Be soft, be softer still, give yourself love beyond all thrill.

I’ve been fannying around with this for a while now and all too quickly it’s a couple of weeks old already…

A rather late first gig of the year for me (a close-to-six-month drought in fact) but a welcome one, for sure. Having seen Meilyr Jones last year “unseen”, with pretty much no previous knowledge of him and been suitably wowed by the whole experience, the enchanting Welshman and his wonderful 2015 record have assumed impressive proportions in this old git’s mind (and record collection).

Meilyr Jones, The Fleece

A second gig can be a disappointing affair and it occurred to me this might be a bit of an issue as we walked through the doors of the ever-dependable, gummy-floored Fleece. A brief period of ho-hummery with a support band whose name passed in one ear and out the other, and all of a sudden Meilyr Jones is once again bounding on stage, grinning like a loon on his first day at school. And we’re back there.

I’d forgotten how fond I am of his soppy little face, how much I envy his flimsy Byrds haircut and how much I want to iron his rumpled outfits. In top-buttoned shirt and the shortest grey slacks I think I‘ve ever seen, he cut the gawkiest of figures, a look he embraces unswervingly.

What a guy.

The set whipped by, and even though it was pretty much the same as before (I didn’t catch any new songs), it still sounded fresh, intelligent and passionate. I remember last time being particularly mesmerised by the encore performance of “Be Soft”, which if anything he actually managed to emulate this time, bringing his two violinists off the stage and deep into the audience. All un-miked and somehow even more intimate and overwhelming than even before.

Here are recordings of the two encore songs (the second is a little muddy, thick with feeling a romantic soul might say…)

Watchers

Be Soft

May be confused about a few things, but honey I’m on the move…

white-denim-at-pembyfest-2016-viesmag-4If the day comes (when, surely) for there to be a general reckoning of Bloggers and sundry Internet quacks for their overall contribution to the commonwealth, I’ll stand in the line amongst the other middle-aged saps in Fall t-shirts, and blink nervously in the harsh sunlight as a series of solemn gentlemen open their man-bags and begin to interview their charges.

I’m guessing the exchange will be a fairly short one, before I fall silent and sullenly await the guillotine. There’ll be some sort of polite shuffling of papers, before my arbiter leans forward and says, in a gently concerned fashion,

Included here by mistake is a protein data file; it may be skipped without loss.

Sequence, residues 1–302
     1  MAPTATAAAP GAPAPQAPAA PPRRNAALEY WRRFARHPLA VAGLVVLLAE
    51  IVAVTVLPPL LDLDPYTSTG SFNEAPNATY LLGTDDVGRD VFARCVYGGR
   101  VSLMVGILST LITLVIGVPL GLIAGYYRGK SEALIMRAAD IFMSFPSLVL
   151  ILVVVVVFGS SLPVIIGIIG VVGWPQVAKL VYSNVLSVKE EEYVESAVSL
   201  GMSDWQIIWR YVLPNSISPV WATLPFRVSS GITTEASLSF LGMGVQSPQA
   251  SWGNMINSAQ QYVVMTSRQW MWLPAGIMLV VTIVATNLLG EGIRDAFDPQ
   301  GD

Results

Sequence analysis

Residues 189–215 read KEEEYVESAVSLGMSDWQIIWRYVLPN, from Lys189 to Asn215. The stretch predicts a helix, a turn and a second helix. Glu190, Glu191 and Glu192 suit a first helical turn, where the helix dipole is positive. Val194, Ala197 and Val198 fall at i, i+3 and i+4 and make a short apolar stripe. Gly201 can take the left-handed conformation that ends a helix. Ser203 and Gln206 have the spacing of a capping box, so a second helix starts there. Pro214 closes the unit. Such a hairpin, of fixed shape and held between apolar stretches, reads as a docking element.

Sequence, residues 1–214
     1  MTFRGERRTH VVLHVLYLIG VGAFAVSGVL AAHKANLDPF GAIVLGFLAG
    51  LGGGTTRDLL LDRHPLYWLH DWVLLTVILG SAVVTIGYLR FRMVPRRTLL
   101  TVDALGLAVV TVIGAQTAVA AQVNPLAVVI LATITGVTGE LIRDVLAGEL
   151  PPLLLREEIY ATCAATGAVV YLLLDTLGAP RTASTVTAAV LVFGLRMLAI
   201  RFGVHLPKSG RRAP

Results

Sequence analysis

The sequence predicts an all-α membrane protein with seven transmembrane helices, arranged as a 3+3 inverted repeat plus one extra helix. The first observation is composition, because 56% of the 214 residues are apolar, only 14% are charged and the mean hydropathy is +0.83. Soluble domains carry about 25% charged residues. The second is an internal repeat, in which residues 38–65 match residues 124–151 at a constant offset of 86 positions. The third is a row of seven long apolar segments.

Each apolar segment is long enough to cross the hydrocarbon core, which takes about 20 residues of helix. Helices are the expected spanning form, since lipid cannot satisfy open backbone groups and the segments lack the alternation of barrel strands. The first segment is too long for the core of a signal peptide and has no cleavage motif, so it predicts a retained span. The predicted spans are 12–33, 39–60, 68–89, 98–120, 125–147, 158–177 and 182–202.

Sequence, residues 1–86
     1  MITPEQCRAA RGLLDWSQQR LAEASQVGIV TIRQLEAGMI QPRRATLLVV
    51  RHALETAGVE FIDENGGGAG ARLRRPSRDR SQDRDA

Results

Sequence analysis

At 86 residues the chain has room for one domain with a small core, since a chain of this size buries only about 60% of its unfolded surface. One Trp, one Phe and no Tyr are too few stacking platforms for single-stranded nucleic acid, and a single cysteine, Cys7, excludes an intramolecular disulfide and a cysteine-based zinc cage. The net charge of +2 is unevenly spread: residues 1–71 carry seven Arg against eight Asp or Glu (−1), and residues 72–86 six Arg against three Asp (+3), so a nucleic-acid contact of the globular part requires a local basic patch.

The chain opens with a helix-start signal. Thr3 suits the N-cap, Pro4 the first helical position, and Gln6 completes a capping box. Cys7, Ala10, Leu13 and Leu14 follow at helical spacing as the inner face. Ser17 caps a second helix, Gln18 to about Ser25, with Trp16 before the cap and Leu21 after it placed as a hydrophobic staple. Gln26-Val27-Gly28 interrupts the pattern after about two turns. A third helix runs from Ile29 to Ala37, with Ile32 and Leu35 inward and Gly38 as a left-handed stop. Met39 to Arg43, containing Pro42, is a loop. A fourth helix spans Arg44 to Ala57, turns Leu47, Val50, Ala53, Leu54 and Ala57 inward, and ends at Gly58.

“You, er,  missed a fair bit, didn’t you?”

White Denim, O2 Academy

Those last two (fairly florid) paragraphs were my way of berating myself for once again taking my eye off the ball in a particularly daft fashion. A friend of mine got me a ticket for this gig a while back, and I’d not really given it much thought since.

Truth be told, since I last saw them a few years back, I’d gone off White Denim a little and wasn’t much of a fan of 2013’s Corsicana Lemonade. It’s not bad but not as exciting as the earlier records, and this particular butterfly had other sticky treats to investigate. Consequently I was completely unaware of White Denim’s recent upheavals. You’ll no doubt have been all over the half-the-band-leaves-midway-through-next-record thing, and will have already formed your own opinions, but I missed it entirely.

Worse still, seeing the band come out at Bristol’s premier rock venue, I somehow remained unaware of the changes, and although one of my memories of seeing them in 2012 was the exhilarating interplay between guitarists Petralli and Jenkins, I managed to convince myself that these recollections were unreliable, figments of a flakey, capricious imagination.

*Shakes head ruefully*

Having said all this, sometimes ignorance is indeed a form of bliss – a couple of people I spoke to later had pooh-poohed the new line-up and recent performances, and being the hopelessly impressionable feller that I am, the evening would’ve been coloured somewhat if I had actually stayed awake at the wheel.

In fact, it was a pretty good, if boisterous evening with the new line up acquitting themselves well. New drummer, Jordan Richardson, impressed particularly, an enthusiastic, barrel-chested presence at the kit. He played the drums like Gareth Evans (Gloucester’s injured No 8) runs – head up, chest puffed out, boisterously charging through the set, arms akimbo like some sort of tubby wind-up toy.

Terebecki and Petralli were still the heart of the band, however, and a set which ran through most of the new record, Stiff, and touched on a lot of favourites from the back catalogue, was a reminder that even if the exhilarating twin guitar thing is no more there’s still plenty to get excited about. In fact, at least one punter remained blissfully heedless of the changes.

As before, it was something of a machine-gun attack, one blistering song piling on the shoulders of the previous one, with precious little chat and the sparsest of breathers between each one. Exhilarating stuff it was, and this old chap was left a little punch-drunk by the end of it all

The younger Academy punters got pretty excited and amongst the normal festivities, there was stage diving, limb-flailing careening around and enough rough stuff at the front to merit a few incursions from the security gents (and at least one feller being dragged out).

Sweaty, first class entertainment, all in all.

I’ve got a few noisy recordings for you…

Real Deal Mamma

Anvil Everything

Mirrored in Reverse

 

and if you fancy a quick comparison…

At the Farm (2016)

At the Farm / Say What You Want (End of the Road ’11, twin guitars a-sparkling…)

In the days when there were stars…